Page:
Friday, July 29, 2011

Psalm 4 - Answer Me When I Call

Here's some advanced warning: This is a long blog entry.  I understand you might not have the time or desire to read it in it's entirety, although I think there are some good insights in there.  However, if you don't want to read all of it, read the first three paragraphs and the last one.

Like Psalm 3, Psalm 4 is divided into three sections that I can see:

  1. A demand for God to provide relief from distress.  This demand is directed towards God as David says, "Answer me when I call to you, my righteous God."  
  2. Knowledge that God has set apart the godly and will hear their prayers, including David's own prayer for relief.  Also, a command to search your own heart and not lay blame elsewhere.  This section is directed towards people.
  3. Trust in God because he can provide even greater joy than prosperity can.  He will allow you to sleep in peace, even in troubled times.  Again, this section is directed towards people.
This is where things get difficult for me.  My life is easier now than it was when I started this.  I don't feet the same pressure as I was earlier this year.  Therefore, it's going to be hard for me to look deeper instead of focusing on all the "Sunday School Answers" I've learned my whole life.  I'm going to have to really take my time and look at what I'm really supposed to be learning.  After all, my goal was to develop a real relationship with God based on honesty.

When I look deeper into this psalm, what immediately strikes me is the way David almost commands God to take action.  He says "answer me" and "give me relief" and "have mercy on me" and "hear my prayer." It seems gutsy almost to the point of being impertinent - and that's just in the first verse!  These four commands resonate with me in a way that not much else has over the past year as those are the exact same things I have felt like I have needed.  I need for God to answer me and give me relief and have mercy on me and hear my prayer, but what I want to focus on first is the first part of the verse where David says, "Answer me when I call to you, my righteous God."

The line struck me as almost unusual and made me wonder if there are any other places where the same phrasing is used.  There are.  According to my study Bible, there are seven times David uses this particular phrasing, not to mention the times other authors used it in the Bible.  I want to take a minute to look at the times when David uses it.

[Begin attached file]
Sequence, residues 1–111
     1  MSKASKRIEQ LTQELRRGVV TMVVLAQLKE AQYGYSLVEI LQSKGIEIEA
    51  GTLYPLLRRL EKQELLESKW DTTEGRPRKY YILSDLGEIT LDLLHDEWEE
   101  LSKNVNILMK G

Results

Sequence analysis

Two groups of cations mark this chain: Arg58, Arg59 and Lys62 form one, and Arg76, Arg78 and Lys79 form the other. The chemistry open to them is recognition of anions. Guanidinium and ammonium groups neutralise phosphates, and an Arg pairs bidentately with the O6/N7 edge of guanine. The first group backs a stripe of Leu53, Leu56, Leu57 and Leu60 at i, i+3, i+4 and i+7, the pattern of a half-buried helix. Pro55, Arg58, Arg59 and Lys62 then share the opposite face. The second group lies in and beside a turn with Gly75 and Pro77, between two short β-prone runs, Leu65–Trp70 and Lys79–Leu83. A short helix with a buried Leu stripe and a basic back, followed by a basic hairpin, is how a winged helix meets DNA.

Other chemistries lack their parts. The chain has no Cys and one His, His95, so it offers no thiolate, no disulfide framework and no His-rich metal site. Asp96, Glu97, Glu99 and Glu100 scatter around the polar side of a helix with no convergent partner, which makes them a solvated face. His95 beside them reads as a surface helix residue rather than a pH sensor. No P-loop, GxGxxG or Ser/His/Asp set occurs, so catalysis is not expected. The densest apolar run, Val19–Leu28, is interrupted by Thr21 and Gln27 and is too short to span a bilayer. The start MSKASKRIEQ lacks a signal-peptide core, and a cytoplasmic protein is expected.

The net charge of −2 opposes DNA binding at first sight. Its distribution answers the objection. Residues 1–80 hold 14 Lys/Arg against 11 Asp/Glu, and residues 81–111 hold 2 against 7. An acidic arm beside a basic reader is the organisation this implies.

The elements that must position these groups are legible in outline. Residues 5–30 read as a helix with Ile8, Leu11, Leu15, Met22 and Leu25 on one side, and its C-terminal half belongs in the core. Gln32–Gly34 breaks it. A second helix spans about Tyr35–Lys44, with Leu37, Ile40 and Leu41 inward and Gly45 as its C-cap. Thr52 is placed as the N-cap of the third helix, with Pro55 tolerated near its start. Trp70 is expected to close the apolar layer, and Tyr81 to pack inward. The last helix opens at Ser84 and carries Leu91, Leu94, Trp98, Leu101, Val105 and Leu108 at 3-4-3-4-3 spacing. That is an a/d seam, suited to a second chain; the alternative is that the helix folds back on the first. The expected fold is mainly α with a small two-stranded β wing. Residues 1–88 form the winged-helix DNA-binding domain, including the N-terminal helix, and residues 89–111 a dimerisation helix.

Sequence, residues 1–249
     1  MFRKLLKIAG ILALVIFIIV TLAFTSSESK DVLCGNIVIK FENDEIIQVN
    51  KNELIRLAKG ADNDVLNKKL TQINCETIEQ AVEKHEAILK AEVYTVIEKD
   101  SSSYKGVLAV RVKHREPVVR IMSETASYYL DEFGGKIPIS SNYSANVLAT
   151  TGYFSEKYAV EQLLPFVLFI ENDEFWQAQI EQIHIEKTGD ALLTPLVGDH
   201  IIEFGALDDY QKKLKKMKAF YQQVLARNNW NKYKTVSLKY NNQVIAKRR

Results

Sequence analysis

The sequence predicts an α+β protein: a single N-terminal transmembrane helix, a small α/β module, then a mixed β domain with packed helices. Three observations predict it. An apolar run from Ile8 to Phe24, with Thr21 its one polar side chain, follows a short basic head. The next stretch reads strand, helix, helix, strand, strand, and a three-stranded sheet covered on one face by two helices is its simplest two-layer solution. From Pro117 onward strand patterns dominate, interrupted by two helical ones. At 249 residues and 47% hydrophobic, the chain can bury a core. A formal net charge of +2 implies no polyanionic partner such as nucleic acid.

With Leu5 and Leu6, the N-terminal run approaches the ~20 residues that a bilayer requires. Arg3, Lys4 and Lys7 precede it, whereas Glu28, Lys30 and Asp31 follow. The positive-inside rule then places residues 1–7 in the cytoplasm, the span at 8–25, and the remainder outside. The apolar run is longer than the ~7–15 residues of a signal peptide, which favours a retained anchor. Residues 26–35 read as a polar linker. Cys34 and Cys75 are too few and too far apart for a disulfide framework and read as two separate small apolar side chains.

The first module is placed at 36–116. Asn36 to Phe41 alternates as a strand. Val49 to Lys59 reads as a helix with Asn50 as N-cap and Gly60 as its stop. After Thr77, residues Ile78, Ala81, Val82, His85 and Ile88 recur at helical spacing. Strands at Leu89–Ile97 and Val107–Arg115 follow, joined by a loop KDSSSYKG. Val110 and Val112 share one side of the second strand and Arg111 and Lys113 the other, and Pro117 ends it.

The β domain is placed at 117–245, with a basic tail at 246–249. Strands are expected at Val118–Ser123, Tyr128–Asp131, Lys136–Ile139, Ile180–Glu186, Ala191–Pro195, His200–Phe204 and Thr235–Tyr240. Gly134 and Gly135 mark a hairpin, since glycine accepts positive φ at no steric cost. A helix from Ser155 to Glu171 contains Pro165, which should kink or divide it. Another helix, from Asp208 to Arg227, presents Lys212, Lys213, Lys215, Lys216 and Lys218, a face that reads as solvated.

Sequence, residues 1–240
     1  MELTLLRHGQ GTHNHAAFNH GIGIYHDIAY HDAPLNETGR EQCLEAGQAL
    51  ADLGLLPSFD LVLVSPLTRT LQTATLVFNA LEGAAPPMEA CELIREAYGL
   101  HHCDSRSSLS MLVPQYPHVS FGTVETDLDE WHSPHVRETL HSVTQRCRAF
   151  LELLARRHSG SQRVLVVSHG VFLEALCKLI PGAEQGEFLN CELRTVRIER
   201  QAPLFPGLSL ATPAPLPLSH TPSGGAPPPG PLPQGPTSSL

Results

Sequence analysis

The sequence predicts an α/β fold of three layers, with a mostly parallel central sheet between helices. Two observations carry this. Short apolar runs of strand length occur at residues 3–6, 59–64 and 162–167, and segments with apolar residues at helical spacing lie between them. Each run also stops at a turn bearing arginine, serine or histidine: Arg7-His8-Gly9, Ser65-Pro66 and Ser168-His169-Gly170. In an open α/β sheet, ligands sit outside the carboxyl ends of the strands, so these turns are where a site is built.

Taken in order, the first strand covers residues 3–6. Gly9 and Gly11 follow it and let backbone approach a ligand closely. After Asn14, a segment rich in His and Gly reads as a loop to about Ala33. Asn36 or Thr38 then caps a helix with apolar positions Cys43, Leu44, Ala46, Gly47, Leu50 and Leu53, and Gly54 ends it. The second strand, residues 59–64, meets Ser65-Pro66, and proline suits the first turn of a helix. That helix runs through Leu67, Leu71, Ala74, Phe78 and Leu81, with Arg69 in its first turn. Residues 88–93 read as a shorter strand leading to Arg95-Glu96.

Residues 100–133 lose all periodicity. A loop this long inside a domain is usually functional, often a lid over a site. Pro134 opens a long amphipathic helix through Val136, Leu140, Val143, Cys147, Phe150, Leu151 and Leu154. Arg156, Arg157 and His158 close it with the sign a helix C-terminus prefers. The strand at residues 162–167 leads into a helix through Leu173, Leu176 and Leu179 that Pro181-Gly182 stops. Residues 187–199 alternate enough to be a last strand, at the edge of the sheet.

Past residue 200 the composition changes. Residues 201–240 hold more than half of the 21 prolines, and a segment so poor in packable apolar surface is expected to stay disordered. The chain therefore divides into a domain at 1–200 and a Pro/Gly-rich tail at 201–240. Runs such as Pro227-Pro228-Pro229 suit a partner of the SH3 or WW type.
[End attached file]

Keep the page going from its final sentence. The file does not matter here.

• Psalm 3:4 - "I call out to the Lord, and he answers me from his holy mountain."
  • Psalm 4:1 - "Answer me when I call to you, my righteous God."
  • Psalm 17:6 - "I call on you, my God, for you will answer me."
  • Psalm 22:2 - "My God, I cry out by day, but you do not answer, by night, but I find no rest."
  • Psalm 27:7 - "Hear my voice when I call, LORD; be merciful to me and answer me."
  • Psalm 86:7 - "When I am in distress, I call to you, because you answer me."
  • Psalm 138:3 - "When I called, you answered me; you greatly emboldened me."
The bold verses above are ones where David doesn't mention an answer or even a possible answer from God.    Obviously, David knew that God would answer him because there are four other specific times where he uses the same language but added that God answered.  So, why did he leave that hopeful part out of the other three verses?  Based on my own experiences, I see at least four options:
  1. He didn't feel like God was answering or would be answering soon.
  2. He knew that God would answer based on his knowledge of God and past experiences, but saying it in that moment seemed forced, so he left it out.
  3. He was feeling desperate and perhaps a little angry.
  4. He knew the truth, but had a hard time believing it in the moment.
I can relate to all those explanations.  I know what it feels like to feel like God's not answering.  I still don't feel God's presence.  The only difference is, at this particular time in my life, I don't feel the same desperation I was feeling not long ago.  

If you skimmed over all of that because it seemed tedious to you, here's the part I'd like you to read.  From reading Psalm 4:1 and other verses from David like it, I've reached some conclusions.  First, it's acceptable to God to feel desperate and demand answers.  It's also fine not to verbally acknowledge the truths you know about God in those moments.  Second, even when it's not acknowledged or felt, the truth remains that God does answer my cries.  Lastly, it's easier to see those answers during times when I am farther removed from the pressure that caused the desperation in the first place.

1 comment:

  1. Katie, this blog is SO great! Sorry it took me awhile to get on here and join in, but I think it's wonderful. I really look forward to checking in on your journey. As you know I love blogging, and I think this blog is very powerful. Thank you for being willing to share this part of your life so openly!